A 72-year-old male who was initially diagnosed with PV approximately 25 years ago converted to myelofibrosis which was confirmed on bone marrow biopsy. In 2016, he presented to our ED with clinical symptoms suggested of SCC at the T8–12 region. This was confirmed by MRI [Figure 1] and [Figure 2]. After a review of existing literature, it was elected to treat the affected area with radiation consisting of 15 fractions of 200c Gy. Within 10 days, the patient had begun to regain strength in the affected regions both motor and sensory. At 2-month follow-up, he was symptom-free and imaging also showed a complete response. In January 2019, the patient again presented with symptoms of SCC in the area immediately above the previously treated area. Again this was confirmed by MRI [Figure 3] and [Figure 4]. The same fractionation scheme was used and again the patient had a complete resolution of all symptoms both motor and sensory at a 1-month follow-up. Of interest is that during both courses of treatment there was no significant change in any blood indices from baseline presentation.
| Discussion|| |
EMH is a relatively common occurrence in many chronic hematologic diseases such as B thalassemia, sickle cell anemia, and PV It has been reported in the spleen, liver, kidney, adrenal glands, heart, and lymph nodes among many sites,, however, finding of EMH causing an SCC is even rarer. The cause of EMH occurring in the spinal cord has been speculated but no definitive answer is known although various hypothesis has been suggested such as bone marrow transport through bony erosions/fracture, development from preexisting primitive tissues. Whenever an SCC is suspected in a patient with clinical findings supporting this diagnosis, time is of the essence. From an imaging standpoint, MRI is best suited to allow identification of the extends of the location. It will usually be well-defined as an isointense mass with rim enhancement on Tl signal and hyperintense mass on T2.
The treatment of SCC in the setting of EMH varies in the literature. Surgical decompression alone or in conjunction with postoperative radiation has been reported as has the use of radiation alone and various systemic therapies such as chemotherapy and transfusion therapy.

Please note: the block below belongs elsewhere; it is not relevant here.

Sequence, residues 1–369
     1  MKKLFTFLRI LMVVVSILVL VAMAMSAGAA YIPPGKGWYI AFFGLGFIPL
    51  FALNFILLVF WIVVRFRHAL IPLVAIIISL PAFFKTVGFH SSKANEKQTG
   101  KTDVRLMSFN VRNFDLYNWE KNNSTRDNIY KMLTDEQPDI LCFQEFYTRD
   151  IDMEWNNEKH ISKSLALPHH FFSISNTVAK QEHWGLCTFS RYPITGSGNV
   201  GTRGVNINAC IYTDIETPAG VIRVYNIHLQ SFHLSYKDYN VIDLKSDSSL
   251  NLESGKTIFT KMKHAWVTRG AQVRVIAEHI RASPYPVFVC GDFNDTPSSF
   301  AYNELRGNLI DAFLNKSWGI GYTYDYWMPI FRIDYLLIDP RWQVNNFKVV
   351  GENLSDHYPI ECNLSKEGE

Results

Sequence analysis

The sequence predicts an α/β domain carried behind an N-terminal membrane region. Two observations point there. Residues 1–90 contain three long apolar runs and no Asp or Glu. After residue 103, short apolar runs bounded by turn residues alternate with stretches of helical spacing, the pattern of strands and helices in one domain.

We do know that the components that are involved in EMH are extremely sensitive to radiation yet various radiation total doses (ranging from 7.5 to 35 Gy), the daily dose (1–5.5 Gy). This is interesting in that seems to be a good consensus regarding the treatment of “chloma's” that are associated with all patients and the components of EMH are similar.,
The reports of EMH presenting as an SCC in patients that convert from PV to MF are even more unique. Reale et al. reported 15 cases from the literature on patients with myelofibrosis who had developed SCC of which two had converted from an initial diagnosis of PV. In their series, PV/MF patients had surgery and progressed to AML and died. The second received steroids plus 22 Gy/4 fractions with reported rapid improvement.
However, there have been reports of up to 19% recurrence rates after decompressive surgery +/radiation therapy in all cases that have been treated for EHM., Unfortunately, there are not enough that allow us to suggest any dose-response curve for this entity.
Our case is unusual in that the patient had a complete response to our first course of therapy both clinically and from an imaging standpoint until he presented with the second SCC in the area above the previous treatment area. For our first treatment site, we used the MRI-described finding and added one vertebral body above and below that imaging anomaly. It is interesting that the second SCC developed at the vertebral above the superior border of our first field.
Based on our limited experience and review of literature the finding of SCC in patients that convert from PV to MF is extremely rare. We believe that our dose fractionation schedule is effective and has shown durability. In select cases, surgery might be considered but early diagnosis, we believe, is the key to the resolution of clinical symptoms, as it for most SCC regardless of cell type/disease entity.
Financial support and sponsorship
Conflicts of interest
There are no conflicts of interest.
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[Figure 1], [Figure 2], [Figure 3], [Figure 4]